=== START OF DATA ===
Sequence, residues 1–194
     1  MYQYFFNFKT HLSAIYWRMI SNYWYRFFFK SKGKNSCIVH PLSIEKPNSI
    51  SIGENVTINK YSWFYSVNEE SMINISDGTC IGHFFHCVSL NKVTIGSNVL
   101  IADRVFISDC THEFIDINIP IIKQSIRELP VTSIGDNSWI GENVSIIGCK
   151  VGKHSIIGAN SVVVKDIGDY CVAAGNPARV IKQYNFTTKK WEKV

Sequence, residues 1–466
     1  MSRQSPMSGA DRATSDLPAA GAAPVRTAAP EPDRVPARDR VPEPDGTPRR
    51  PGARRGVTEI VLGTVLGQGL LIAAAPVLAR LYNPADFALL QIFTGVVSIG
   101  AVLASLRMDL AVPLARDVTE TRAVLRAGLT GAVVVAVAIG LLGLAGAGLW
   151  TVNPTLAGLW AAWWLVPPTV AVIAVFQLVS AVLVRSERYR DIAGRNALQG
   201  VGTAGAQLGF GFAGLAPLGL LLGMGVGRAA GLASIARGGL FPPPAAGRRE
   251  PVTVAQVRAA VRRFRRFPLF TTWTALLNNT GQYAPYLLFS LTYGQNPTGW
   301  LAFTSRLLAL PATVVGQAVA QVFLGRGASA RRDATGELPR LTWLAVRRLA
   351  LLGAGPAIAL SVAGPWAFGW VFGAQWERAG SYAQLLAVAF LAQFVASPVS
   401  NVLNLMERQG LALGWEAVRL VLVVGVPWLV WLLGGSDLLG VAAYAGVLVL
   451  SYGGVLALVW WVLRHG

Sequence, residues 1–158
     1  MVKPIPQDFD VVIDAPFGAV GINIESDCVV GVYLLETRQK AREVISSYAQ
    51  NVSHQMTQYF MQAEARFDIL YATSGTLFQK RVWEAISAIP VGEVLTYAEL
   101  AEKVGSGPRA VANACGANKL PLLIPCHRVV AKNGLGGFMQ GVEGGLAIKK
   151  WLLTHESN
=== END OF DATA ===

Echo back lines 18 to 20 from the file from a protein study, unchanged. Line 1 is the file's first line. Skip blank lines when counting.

     1  MVKPIPQDFD VVIDAPFGAV GINIESDCVV GVYLLETRQK AREVISSYAQ
    51  NVSHQMTQYF MQAEARFDIL YATSGTLFQK RVWEAISAIP VGEVLTYAEL
   101  AEKVGSGPRA VANACGANKL PLLIPCHRVV AKNGLGGFMQ GVEGGLAIKK